Statesboro, GA, USA
I think Lewis' quotation has to be taken with the understanding of his theology. The possibility of deception (self deception being the worst kind) is prominent in his works. Therefore someone doing terrible things believing they are noble things, doesn't mean that they were always considered noble. It doesn't mean that he never had to battle with conscience, misgivings, and a thousand clues to the contrary. My point is ... the distorted belief that can confuse evil with good, is not a testament to the unreliability of conscience, as much as it is to our ability to stifle, callous, and willfully cripple it.
Here's a Lewis quote from his book "Perelandra" to illustrate what I'm talking about:
"It (Dr. Weston) looked at Ransom in silence and at last began to smile. We have all spoken- Ransom himself had often spoken- of a devilish smile. Now he realised that he had never taken the words seriously. The smile was not bitter, nor raging, nor, in an ordinary sense, sinister; it was not even mocking. It seemed to summon Ransom, with horrible naivete of welcome, into the world of its own pleasures, as if all men were at one in those pleasures, as if they were the most natural thing in the world and no dispute could ever have occurred about them. It did not defy goodness, it ignored it to the point of annihilation. Ransom perceived that he had never before seen anything but half-hearted and uneasy attempts at evil. This creature was whole-hearted. The extremity of its evil had passed beyond all struggle into some state which bore a horrible similarity to innocence. It was beyond vice."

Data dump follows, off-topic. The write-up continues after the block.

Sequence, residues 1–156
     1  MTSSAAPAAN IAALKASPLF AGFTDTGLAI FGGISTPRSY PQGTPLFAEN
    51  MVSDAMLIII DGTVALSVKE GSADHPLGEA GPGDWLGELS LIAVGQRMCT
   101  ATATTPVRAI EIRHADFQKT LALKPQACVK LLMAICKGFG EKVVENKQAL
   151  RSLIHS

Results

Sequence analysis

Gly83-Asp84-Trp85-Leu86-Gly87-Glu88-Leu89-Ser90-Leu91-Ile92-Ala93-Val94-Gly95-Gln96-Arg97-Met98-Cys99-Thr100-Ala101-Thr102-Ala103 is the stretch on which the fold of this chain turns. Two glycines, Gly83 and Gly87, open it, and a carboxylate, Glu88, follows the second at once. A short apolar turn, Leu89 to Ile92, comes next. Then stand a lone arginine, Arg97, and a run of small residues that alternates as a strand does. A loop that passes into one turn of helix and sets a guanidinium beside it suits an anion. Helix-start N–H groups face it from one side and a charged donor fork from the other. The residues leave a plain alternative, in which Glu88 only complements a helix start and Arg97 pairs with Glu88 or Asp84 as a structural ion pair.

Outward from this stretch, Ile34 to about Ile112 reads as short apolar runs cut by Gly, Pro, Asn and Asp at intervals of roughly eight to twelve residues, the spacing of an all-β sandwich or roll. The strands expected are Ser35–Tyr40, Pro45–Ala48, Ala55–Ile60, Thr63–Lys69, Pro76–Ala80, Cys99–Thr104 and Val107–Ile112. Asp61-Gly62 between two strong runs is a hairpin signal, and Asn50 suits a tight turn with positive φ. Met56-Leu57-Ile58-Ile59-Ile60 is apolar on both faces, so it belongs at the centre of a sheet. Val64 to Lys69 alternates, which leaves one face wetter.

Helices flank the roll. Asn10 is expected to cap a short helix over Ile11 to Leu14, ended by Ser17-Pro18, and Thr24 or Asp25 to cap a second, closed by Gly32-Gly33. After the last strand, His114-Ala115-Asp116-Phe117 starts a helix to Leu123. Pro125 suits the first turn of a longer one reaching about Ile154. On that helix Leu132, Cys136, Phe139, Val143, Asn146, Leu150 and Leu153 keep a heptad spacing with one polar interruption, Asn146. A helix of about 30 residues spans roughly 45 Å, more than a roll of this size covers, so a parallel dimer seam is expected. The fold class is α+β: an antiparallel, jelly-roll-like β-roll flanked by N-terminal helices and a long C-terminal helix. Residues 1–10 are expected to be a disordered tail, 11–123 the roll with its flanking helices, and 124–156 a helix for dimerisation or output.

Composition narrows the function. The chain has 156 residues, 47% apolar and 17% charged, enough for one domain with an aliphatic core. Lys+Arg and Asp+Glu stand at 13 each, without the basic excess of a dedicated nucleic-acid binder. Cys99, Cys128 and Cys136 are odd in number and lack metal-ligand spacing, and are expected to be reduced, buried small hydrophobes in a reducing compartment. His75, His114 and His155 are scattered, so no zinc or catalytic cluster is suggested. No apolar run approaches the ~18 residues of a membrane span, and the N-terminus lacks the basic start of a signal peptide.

And while, I admit that Weston is not a picture of the supposedly "philanthropic" character you are talking about, he still illustrates that the acceptance of evil as good, with no twinge of conscience, is a late stage of corruption ... the rest period of a longer process that involved anesthetizing of conscience along the way.
Nietzsche expressed the same idea (though oppositely to Lewis, not in censure) in The Joyful Wisdom:
"Who can attain to anything great if he does not feel in himself the force and will to inflict great pain? The ability to suffer is a small matter; in that line, weak women and even slaves often attain masterliness. But not to perish from internal distress and doubt when one inflicts great suffering and hears the cry of it- that is great, that belongs to greatness."
Brad, I just think it's a long hard road to get to that point. God made it hard. In "Crime and Punishment" Raskolnikov was blessed enough to fail in his attempts to go down that path.